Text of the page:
I received this from Trixter, truly a gentleman and a scholar, along with a separate box of stuff to round it out: an IBM PC/XT keyboard, a joystick, some software/games (including a boxed IBM PC-DOS 3.30), and the Guide to Operations. The machine itself is very well-equipped too, complete with an XT-CF adapter, an IBM CGA board, and a Sound Blaster Pro 2.0, but more about that in a bit.
This thing went through a bit of a misadventure en-route to me. USPS turned out to have some inexplicable restrictions on package sizes to my country - except for Global Priority Express shipments... and I don't need to tell you how much that would've cost. The only available box that satisfied these arbitrary limits didn't leave much room for extra protective padding on the sides. After some consideration, we decided to brave it anyway: those early IBMs are built like brick shithouses and could stand being knocked around a bit, right? So, off it went on its merry way with as much compressed foam as could be stuffed around the sides and corners.
My first clue that something was wrong came when I picked up the package from the post office, and heard the ominous yet unmistakable sounds of something rattling inside… uh oh. Opening it up, it was immediately evident that we had underestimated our respective postal services' capacity for malicious damage.
In case these photos do not convey the full magnitude of the crime: something, somehow, has managed to apply such a massive amount of force to this box that the corners of the cover were savagely bent inwards at the back, on both sides. Remember, we're talking heavy-gauge sheet metal. This initially prevented me from even removing the cover at all, until I employed a screwdriver and a hammer rather forcefully (the thought still makes me wince a little).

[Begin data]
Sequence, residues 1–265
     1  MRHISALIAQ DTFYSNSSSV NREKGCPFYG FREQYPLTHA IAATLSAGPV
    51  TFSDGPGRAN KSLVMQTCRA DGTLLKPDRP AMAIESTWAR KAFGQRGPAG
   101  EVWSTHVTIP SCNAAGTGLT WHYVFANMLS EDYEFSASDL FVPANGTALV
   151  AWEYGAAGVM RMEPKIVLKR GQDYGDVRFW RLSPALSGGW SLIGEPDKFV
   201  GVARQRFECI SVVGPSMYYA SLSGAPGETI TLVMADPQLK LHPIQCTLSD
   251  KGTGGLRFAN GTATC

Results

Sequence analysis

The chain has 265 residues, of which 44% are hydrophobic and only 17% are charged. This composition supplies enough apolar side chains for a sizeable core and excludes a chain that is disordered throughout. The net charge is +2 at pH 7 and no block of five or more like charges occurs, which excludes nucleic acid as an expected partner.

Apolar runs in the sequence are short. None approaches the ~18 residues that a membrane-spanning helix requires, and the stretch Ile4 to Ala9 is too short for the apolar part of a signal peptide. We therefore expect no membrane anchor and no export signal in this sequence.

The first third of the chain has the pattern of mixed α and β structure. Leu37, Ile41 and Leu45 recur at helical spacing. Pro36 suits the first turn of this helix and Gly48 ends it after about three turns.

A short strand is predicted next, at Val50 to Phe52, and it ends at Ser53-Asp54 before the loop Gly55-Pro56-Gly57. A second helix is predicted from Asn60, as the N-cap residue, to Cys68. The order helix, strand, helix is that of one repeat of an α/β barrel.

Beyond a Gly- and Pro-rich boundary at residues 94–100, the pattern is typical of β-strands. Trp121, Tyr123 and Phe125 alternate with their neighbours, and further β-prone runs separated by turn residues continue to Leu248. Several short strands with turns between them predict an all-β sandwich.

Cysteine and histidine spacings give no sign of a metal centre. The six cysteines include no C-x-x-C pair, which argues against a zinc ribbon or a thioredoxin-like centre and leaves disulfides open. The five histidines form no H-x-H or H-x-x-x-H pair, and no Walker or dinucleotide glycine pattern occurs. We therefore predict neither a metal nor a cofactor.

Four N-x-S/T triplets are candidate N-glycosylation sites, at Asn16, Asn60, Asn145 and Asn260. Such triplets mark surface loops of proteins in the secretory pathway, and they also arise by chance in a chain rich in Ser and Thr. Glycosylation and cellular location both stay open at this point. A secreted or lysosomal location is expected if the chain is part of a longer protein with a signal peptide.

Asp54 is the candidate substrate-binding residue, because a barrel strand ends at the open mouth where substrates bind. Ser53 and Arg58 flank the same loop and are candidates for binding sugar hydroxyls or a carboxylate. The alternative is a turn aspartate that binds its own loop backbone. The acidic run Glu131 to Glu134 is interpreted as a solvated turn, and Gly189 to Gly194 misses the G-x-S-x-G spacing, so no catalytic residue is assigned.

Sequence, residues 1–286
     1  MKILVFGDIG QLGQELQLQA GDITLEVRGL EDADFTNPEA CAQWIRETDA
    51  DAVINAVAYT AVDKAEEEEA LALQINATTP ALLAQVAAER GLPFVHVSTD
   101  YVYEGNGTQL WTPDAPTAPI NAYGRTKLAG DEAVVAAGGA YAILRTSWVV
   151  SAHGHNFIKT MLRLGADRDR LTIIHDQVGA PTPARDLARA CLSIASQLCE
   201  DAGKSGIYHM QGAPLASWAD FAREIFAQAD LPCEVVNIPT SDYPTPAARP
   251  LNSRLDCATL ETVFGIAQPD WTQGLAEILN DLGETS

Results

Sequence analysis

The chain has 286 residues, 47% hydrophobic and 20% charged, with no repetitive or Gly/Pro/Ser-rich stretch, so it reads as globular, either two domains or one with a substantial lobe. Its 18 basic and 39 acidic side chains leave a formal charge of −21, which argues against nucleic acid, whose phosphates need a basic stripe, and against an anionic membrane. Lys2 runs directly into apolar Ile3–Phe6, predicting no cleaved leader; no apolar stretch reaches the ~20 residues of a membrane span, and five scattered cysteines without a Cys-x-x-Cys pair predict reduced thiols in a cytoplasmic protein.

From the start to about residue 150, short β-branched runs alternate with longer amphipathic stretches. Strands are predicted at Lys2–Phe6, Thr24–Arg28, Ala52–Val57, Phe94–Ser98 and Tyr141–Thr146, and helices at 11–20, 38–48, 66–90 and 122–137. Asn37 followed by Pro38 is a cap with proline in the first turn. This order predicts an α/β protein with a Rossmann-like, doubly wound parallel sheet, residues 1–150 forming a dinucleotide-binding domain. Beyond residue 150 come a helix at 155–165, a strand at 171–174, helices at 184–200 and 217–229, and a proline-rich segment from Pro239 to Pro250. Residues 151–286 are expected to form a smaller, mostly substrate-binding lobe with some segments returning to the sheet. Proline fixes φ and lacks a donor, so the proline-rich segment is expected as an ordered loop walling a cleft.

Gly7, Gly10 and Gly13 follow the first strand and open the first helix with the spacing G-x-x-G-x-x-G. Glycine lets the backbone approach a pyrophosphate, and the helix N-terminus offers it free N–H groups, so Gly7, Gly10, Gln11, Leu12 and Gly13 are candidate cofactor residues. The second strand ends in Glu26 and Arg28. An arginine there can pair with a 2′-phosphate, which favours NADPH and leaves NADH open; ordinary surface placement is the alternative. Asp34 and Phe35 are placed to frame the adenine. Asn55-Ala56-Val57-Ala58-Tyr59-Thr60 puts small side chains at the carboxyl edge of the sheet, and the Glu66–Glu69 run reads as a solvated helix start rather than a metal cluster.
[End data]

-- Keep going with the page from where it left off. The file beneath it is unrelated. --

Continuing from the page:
The cover yielded, and it transpired that the rattling I'd heard was only the PC speaker, which had been knocked out of its holder; that was the least of my problems. The back panel (also metal) evidently got a vicious whack on its right side, just where the card brackets go. This shoved everything forward, also slamming the full-length CGA board against the front of the case and dislodging the little plastic brace that keeps it in place there. The hard drive bay cover wasn't spared either; one of the lobes where it's screwed to the chassis was broken off.
None of the important components appeared to be busted or injured, but this naturally left me a bit dispirited, fearing damage to the cards, the slots and/or the motherboard... let alone the bits I couldn't inspect at a glance, like the mechanical innards of the floppy drive. However, testing was gonna have to wait, since I was going away for a couple of weeks and didn't yet have a 220V→110V step-down transformer (the PSU is American).
Imagine my considerable delight when I came back, got the power converter, plugged everything in, and gingery flipped the Big Red Switch… then the RAM test crawled its way up the count, to finally greet me with this heart-warming display:
Rock 'n' roll! Yep, it Just Worked. Actually, everything just worked; the CF card was helpfully packed with diagnostic programs, music/graphics stuff and so on, so I soon established that there were no casualties except the aesthetics: from the sound card to the floppy drive, all systems are go.
See, those early IBMs were sturdy steel beasts and for that I am thankful. I'm not sure how they managed to inflict such next level punishment on the package, but they must've tried real hard to brutalize it like that. If this was any kind of plastic-cased computer (or monitor), I'd be fishing jigsaw puzzle pieces out of that box. But even with a few nicks in its armor, the IBM XT is a die-hard heavy metal road warrior.